With just two games left in the 2012 regular season, Los Angeles Angels center fielder Mike Trout is wrapping up a season that will place him among baseball's all-time greats.
Trout leads the majors in runs scored (129), stolen bases (48) and leads the AL in OPS+ (170). He is the first rookie to hit at least 30 home runs with at least 40 stolen bases, he's the youngest player ever to join the 30-30 club, and no player in history has ever hit 30 homers with 48 stolen bases and scored as many as 129 runs.
A 10.7 WAR easily puts Trout on a level rarely achieved by anyone.
In 1948, St. Louis Cardinals outfielder Stan Musial put together a season that was eye-popping.
That year, Musial led the majors in hits, doubles, triples, batting average, slugging percentage, OPS and total bases. He also led the National League in runs scored and runs batted in.
Musial easily won his third MVP trophy that year, accumulating a WAR of 10.8.
In 1956, New York Yankees center fielder Mickey Mantle stormed through the regular season on the way to capturing the Triple Crown.
Mantle hit .353 with 52 HR and 130 RBI, also leading the majors in slugging percentage (.705), OPS (1.169) and total bases (376). Mantle won the first of his three MVP awards that season, accumulating a WAR of 11.0.
Mantle did himself one better the following year, repeating as AL MVP with a WAR of 11.1.
The 1927 New York Yankees became known in history as Murderer's Row, led by slugger Babe Ruth and first baseman Lou Gehrig.
Gehrig hit .373 that season with 47 HR and 175 RBI, a 1.240 OPS and 447 total bases. He won his first AL MVP Award that year, accumulating a WAR of 11.5.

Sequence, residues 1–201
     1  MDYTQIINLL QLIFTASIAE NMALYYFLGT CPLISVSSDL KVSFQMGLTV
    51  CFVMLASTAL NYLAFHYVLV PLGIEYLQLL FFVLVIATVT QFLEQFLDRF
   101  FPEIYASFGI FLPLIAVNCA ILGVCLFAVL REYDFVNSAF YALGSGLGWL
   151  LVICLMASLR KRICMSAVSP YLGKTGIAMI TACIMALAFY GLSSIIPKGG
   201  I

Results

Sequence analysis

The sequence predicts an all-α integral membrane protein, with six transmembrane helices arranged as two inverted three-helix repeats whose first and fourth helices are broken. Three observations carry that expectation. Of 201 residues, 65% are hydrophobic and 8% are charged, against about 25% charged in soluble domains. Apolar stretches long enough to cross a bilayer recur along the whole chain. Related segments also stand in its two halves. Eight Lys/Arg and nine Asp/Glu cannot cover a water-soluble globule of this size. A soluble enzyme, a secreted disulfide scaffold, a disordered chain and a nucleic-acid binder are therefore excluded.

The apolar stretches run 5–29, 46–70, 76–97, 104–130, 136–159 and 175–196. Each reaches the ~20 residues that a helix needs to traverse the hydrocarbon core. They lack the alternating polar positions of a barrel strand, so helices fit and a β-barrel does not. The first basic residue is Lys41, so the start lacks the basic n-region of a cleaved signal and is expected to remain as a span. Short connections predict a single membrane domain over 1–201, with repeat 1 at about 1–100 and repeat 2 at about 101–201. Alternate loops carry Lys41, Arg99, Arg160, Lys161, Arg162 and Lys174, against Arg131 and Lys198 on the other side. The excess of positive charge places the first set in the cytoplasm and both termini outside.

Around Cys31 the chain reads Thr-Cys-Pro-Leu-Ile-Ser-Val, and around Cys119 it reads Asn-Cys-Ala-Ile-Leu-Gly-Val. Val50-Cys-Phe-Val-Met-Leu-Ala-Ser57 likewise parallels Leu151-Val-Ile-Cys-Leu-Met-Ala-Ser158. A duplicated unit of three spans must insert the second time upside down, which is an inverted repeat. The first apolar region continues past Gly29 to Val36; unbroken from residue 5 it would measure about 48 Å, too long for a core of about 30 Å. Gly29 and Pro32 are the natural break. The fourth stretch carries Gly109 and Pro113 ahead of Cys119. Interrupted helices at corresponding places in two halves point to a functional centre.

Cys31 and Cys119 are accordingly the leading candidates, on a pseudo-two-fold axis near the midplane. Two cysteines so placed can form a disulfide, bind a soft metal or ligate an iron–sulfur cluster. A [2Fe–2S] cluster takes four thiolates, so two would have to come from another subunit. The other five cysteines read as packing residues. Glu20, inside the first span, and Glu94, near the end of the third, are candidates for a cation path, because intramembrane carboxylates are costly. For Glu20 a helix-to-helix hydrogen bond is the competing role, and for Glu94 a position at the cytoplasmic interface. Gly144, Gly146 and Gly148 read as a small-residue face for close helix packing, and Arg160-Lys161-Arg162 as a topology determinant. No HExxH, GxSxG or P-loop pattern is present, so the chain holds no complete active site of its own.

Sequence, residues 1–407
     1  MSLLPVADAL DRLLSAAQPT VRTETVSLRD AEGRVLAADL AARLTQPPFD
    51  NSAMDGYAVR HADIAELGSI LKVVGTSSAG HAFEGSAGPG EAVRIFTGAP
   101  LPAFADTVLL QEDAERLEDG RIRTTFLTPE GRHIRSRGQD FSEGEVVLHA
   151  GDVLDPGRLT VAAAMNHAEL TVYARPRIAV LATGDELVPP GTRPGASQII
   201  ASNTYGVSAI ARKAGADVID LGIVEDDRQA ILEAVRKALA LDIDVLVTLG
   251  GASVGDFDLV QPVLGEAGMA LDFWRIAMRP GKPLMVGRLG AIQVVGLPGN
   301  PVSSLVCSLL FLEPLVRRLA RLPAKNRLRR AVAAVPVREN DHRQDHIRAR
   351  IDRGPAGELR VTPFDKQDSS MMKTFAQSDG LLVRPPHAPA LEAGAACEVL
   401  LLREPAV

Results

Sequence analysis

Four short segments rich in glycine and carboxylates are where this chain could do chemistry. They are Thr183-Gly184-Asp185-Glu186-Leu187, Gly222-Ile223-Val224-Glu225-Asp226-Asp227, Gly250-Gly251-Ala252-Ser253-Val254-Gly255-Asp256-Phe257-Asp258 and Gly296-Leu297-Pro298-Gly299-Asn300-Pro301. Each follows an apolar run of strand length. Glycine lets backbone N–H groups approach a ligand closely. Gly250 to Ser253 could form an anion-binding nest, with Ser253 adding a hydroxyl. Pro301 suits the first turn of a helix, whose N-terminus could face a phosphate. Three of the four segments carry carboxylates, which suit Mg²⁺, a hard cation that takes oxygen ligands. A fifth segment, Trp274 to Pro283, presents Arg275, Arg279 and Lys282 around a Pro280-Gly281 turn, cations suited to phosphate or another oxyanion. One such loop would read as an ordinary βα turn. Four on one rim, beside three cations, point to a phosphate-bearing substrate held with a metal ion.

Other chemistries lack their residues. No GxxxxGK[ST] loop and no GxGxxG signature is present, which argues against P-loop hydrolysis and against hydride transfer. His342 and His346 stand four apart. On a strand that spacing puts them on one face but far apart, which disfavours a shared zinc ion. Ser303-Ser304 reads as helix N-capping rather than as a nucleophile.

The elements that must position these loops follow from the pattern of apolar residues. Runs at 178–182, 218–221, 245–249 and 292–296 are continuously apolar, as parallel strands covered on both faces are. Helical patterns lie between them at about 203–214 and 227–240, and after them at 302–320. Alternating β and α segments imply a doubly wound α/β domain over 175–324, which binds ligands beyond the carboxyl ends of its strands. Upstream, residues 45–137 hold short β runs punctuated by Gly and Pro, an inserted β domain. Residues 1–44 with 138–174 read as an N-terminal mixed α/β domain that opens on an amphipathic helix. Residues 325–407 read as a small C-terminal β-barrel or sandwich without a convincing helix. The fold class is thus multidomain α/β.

In 2001, San Francisco Giants left fielder broke the single-season home run mark with 73 long balls, but the rest of the statistics were pretty impressive as well.
Bonds led the majors with a .515 on-base percentage, .863 slugging percentage and 1.379 OPS. He would capture his fourth MVP Award as well, accumulating a WAR of 11.6.
No man has won a Triple Crown in baseball since Boston Red Sox left fielder Carl Yastrzemski put together his magical year in 1967.
Yastrzemski hit .326 with 44 HR and 121 RBI that year, also leading the majors in on-base percentage (.418), slugging percentage (.622), OPS (1.040) and total bases (335).
Yastrzemski almost single-handedly guided his team to their first American League pennant in 21 years, winning the AL MVP Award and accumulating a WAR of 12.0.
In 1923, New York Yankees right fielder Babe Ruth put together a season that can only be described as eye-popping.
Ruth led the majors in runs scored (151), home runs (41), RBI (131), on-base percentage (.545), slugging percentage (.764), OPS (1.309) and total bases (399). Ruth also hit .393 that year, but lost the batting title to Harry Heilmann of the Detroit Tigers (.403).
Ruth won his first MVP Award that year, accumulating a WAR of 13.7, easily the highest among non-pitchers in the modern era.
Doug Mead is a featured columnist with Bleacher Report. His work has been featured on the Seattle Post-Intelligencer, SF Gate, CBS Sports, the Los Angeles Times and the Houston Chronicle.